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Despite all the statistics about how remote work can increase productivity, working from home (WFH Meaning) is still a relatively new concept for most people and it can take a lot of hits and misses to find a remote work schedule that works.
After all, productivity is not an inherent skill. In fact, it’s not even a skill really; it is a series of habits that you need to establish and follow every day with consistency.
As a remote employee, there can often be big differences between how you expect your days to go and how they actually end up being. But with little tweaks to your schedule, you can build an effective remote work schedule that keeps you productive, and consistent throughout the day.
People who are new to remote work often fall into two types of traps:
Time is an important resource to a remote worker and you need to schedule all of your work very carefully to make the most of your working hours. Scheduling can help you in many ways, including:
The first thing you should do is block out all of your non-work hours so you know exactly how much time you have every day to finish your tasks. Blocking non-work hours can also help you unplug more easily at the end of the workday and draw a clear boundary between your work and home life.
Setting strict work timings also helps you get more done in less time because you don’t feel like you have ‘a lot of time’ to just sit around or take a long break.
There are numerous things that can distract you when working from home: messages, emails from colleagues, chores, hungry pets, family members, the list is endless. To focus better and create an effective remote work schedule, you need to add uninterrupted focus time to your schedule.
The idea is to block 50-60 minutes of focus time in your calendar where you only focus on one task at a time with absolutely no other distractions. You can use a timer for it, put your phone on silent, and close out all the other tabs to ensure your attention is not drawn to other things while you are working on an important task.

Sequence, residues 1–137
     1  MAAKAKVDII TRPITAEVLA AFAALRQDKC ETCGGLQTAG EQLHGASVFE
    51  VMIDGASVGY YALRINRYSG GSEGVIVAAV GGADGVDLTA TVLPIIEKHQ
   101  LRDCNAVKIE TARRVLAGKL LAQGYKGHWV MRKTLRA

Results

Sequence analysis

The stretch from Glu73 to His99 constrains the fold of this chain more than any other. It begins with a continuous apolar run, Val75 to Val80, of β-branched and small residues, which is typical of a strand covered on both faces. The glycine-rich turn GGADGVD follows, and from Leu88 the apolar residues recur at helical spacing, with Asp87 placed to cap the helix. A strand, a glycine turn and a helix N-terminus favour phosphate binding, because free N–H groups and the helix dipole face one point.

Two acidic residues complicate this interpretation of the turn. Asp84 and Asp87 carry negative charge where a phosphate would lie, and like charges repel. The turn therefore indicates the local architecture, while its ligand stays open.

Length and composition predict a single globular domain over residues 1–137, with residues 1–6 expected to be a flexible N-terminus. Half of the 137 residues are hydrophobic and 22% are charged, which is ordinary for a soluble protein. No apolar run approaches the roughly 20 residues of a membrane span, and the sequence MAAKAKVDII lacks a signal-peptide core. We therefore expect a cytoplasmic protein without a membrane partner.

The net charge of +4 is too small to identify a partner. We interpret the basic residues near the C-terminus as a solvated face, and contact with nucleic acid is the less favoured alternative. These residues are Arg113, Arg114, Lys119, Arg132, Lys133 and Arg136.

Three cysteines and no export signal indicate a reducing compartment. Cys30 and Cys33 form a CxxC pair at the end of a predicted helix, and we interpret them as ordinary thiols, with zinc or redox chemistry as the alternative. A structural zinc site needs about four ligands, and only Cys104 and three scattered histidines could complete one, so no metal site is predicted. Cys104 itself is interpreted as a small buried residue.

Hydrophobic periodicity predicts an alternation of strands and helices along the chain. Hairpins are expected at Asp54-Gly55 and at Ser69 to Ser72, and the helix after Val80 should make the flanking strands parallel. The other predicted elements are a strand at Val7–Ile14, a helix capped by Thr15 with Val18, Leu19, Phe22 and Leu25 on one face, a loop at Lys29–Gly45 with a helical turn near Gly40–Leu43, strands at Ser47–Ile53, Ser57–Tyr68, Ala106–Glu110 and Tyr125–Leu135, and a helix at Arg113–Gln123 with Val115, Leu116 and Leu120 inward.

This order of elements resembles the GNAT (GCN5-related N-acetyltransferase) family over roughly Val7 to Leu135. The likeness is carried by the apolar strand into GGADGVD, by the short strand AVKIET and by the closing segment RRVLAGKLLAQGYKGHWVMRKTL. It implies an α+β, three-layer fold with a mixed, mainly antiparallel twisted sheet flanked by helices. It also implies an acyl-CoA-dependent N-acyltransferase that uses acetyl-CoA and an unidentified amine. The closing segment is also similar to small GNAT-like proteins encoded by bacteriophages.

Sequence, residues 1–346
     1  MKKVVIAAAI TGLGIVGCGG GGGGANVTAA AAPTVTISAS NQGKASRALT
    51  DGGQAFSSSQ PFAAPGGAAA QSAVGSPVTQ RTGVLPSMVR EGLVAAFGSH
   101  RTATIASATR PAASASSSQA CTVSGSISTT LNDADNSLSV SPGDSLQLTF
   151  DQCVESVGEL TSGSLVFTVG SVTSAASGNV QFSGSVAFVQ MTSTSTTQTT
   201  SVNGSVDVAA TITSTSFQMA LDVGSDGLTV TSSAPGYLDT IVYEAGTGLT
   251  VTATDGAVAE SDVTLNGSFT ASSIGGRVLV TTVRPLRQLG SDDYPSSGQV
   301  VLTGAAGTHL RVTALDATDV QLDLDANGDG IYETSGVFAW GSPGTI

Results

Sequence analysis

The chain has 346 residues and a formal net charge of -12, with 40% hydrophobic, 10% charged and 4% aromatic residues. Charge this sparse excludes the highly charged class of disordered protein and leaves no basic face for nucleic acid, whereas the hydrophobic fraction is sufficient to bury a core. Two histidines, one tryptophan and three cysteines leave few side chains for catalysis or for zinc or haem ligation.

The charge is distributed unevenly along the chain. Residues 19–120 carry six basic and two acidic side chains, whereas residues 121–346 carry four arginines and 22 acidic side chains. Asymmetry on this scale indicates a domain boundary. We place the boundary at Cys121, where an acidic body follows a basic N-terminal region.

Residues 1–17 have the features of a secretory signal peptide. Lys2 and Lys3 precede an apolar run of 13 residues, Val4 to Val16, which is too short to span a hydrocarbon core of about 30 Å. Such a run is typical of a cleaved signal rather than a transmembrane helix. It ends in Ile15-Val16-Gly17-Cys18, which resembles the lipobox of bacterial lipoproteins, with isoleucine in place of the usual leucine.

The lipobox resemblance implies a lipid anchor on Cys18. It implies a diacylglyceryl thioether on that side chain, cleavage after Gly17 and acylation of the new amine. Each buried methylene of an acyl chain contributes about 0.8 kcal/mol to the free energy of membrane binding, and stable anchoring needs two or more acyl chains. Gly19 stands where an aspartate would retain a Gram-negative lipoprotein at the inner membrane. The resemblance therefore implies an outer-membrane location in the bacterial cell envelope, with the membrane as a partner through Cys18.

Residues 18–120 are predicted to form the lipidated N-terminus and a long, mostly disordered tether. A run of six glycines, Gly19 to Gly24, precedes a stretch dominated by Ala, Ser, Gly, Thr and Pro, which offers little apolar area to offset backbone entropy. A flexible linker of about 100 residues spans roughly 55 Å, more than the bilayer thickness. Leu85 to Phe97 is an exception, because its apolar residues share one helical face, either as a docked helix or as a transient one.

Remote work gives you the benefit of flexibility. That means you can create your own schedule according to when you are your most productive self.
For instance, if you are a morning person who is usually the most productive early in the day, you can schedule all of your important tasks in the morning and then schedule meetings in the evenings when you can’t work on complicated tasks anyway.
Similarly, if you tend to feel sleepy and fatigued right after lunch, you can schedule all of your meetings during the afternoon. There is nothing more encouraging than virtually meeting your colleagues and catching up with them.
Breaks are just as important as focused hours if you want to stay productive and efficient all throughout the day. Working continuously all day without any sufficient breaks will only lead to burnouts and affect your work.
Of course taking breaks can seem rather challenging when you are working on something important or have a deadline looming. It is also common to often forget that you were supposed to take a break.
To always remind yourself of breaks, block 15-30 minutes break slots in your calendar every day. You don’t have to take all of the breaks scheduled, but you should try to take as many as possible and try not to schedule any other work during your break slots. Whenever it’s time for a break, try stretching out or walking outside the house a bit to get some fresh air.
When you work from home, you have the freedom to create your own schedule but that shouldn’t mean working non-stop all day just so you can cross off all the tasks on your list. Without proper breaks, your productivity will eventually decrease and you may even burn out.